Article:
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traditional Islamic gardens in the Alhambra, Spain and Humayun’s Tomb in Delhi, India, among other historic sites. The result, he hopes, is both “ephemeral and eter- nal,” a space that may change with the passing light or season, yet becomes a permanent legacy for the city of Toronto. Based on a traditional chahar bagh (four-part garden),

the formal garden within the Park is given a natural geometry through ordered plantings of serviceberry trees providing a place for contemplation as well as areas for public programming or private events. Trees and plants chosen to thrive in Toronto’s climate will make the park a place to enjoy year-round. The reflecting pools mirror the sky and capture architectural details of the Aga Khan Museum and Ismaili Centre. These three projects are an initiative of the Aga Khan,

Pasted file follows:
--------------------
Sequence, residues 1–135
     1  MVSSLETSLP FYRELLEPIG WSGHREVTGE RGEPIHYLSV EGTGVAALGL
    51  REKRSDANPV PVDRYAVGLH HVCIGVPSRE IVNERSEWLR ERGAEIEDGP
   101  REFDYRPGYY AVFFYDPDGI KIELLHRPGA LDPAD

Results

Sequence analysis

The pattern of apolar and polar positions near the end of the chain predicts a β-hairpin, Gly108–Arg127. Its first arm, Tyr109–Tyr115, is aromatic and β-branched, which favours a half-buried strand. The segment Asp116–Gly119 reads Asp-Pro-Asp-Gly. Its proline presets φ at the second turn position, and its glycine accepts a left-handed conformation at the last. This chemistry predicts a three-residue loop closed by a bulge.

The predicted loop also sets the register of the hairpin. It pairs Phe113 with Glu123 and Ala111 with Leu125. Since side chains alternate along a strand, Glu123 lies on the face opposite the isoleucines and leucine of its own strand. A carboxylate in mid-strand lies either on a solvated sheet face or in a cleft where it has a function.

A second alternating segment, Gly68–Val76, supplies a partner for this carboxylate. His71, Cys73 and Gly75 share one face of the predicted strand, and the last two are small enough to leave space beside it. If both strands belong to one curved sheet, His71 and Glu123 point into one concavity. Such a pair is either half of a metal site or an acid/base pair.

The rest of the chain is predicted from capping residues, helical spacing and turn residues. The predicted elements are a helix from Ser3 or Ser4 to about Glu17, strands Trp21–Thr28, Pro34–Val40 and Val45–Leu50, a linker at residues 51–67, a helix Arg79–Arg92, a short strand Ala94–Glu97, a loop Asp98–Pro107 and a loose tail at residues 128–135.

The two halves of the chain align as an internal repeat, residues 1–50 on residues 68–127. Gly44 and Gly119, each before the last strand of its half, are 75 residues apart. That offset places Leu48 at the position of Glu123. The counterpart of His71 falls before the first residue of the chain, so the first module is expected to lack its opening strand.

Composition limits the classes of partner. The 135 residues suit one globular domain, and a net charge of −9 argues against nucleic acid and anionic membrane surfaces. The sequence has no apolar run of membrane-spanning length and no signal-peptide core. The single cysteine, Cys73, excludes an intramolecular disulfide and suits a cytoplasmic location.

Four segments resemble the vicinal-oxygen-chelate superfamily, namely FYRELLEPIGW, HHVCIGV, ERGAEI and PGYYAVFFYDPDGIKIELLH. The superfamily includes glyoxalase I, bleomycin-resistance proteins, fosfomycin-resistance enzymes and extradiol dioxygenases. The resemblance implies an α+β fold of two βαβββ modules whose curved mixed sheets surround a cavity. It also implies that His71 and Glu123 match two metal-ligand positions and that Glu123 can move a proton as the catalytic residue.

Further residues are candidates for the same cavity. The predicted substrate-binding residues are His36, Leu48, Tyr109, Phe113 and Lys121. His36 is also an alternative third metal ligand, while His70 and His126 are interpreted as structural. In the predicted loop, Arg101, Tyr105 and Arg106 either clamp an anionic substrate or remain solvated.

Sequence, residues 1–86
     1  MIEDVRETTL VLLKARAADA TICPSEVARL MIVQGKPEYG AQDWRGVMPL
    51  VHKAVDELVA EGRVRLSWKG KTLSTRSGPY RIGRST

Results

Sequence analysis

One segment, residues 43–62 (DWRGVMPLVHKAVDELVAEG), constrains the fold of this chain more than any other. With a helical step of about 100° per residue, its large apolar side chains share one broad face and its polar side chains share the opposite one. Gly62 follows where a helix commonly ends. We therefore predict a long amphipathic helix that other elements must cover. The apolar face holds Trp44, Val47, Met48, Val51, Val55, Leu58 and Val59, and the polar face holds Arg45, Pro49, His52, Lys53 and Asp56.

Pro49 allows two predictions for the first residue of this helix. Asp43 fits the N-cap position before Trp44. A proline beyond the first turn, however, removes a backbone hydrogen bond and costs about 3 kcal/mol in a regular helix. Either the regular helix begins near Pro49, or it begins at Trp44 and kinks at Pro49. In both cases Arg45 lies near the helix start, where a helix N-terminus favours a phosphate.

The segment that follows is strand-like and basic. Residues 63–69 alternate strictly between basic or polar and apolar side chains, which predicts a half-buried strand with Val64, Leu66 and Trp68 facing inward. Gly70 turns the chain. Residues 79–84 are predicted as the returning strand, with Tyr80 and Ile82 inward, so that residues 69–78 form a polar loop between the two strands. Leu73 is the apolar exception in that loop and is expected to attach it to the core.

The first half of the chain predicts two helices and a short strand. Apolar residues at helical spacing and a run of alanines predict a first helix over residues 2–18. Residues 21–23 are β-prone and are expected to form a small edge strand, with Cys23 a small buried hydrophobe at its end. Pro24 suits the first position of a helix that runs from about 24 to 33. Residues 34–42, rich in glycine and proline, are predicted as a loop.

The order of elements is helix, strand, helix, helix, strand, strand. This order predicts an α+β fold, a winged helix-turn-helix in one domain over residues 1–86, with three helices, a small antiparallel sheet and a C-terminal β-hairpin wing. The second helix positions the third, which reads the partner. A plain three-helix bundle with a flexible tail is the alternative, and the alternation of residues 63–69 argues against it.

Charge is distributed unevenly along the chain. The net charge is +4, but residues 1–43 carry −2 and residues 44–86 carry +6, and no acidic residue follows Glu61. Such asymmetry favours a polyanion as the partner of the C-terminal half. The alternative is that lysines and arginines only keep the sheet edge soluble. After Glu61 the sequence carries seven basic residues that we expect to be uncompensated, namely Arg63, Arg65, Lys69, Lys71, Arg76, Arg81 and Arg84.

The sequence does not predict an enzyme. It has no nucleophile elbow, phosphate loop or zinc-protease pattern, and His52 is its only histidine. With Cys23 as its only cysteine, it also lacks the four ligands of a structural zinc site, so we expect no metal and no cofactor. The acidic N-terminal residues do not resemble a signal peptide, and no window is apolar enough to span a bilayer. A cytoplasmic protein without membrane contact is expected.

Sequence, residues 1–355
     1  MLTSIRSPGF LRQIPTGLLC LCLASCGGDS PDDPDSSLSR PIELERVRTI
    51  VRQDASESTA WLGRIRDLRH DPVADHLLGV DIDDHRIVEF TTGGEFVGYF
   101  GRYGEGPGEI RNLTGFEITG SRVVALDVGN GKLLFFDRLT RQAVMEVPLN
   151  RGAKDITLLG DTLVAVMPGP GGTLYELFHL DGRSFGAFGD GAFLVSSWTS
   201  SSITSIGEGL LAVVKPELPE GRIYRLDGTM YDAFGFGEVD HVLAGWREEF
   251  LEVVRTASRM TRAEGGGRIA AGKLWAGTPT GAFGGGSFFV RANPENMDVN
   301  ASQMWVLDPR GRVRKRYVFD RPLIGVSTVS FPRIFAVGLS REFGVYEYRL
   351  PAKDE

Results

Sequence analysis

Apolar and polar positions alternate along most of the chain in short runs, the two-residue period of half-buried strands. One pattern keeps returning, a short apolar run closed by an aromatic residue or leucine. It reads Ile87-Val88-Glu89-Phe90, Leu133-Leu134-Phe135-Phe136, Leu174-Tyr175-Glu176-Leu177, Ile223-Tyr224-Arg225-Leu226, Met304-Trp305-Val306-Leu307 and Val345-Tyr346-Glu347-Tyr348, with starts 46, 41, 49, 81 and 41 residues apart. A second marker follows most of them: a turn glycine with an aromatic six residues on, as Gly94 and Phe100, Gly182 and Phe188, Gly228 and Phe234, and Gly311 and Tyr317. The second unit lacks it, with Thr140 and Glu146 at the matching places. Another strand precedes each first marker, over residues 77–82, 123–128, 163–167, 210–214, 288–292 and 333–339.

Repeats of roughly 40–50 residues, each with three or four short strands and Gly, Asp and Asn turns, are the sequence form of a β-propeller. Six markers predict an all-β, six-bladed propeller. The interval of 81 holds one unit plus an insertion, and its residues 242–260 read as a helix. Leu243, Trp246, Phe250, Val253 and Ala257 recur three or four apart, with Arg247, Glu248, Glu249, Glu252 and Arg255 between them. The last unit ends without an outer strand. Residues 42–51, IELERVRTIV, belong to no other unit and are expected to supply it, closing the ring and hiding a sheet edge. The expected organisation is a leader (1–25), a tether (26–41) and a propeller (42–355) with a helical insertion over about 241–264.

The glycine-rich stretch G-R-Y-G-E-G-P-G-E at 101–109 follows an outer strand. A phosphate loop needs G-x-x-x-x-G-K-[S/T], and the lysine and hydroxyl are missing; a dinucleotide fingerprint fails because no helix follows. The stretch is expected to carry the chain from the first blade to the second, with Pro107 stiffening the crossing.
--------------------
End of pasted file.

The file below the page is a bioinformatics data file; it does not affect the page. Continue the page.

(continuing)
In designing the Aga Khan Museum, Fumihiko Maki used light as his inspiration. He ensured not only that light is ever-present in the building, but that, depend- ing on the time of day or season, light will animate the building in myriad ways.

the 49th hereditary Imam of the Shia Ismaili Muslims and founder and Chairman of the Aga Khan Develop- ment Network. The Aga Khan Museum’s mission is to foster a greater understanding and appreciation of the contribution that Muslim civilizations have made to world heritage. Through education, research, and collaboration, the Museum fosters dialogue and promotes tolerance and mutual understanding among people. The Ismaili Centre joins other Centres in London, Vancouver, Lisbon, Dubai, and Dushanbe, and continues a tradition of hosting programs that stimulate the intellect, encourage dialogue, and celebrate cultural diversity. i

8 • Summer 2015

Photo by Tom Arban.

Photo by Gary Otte.

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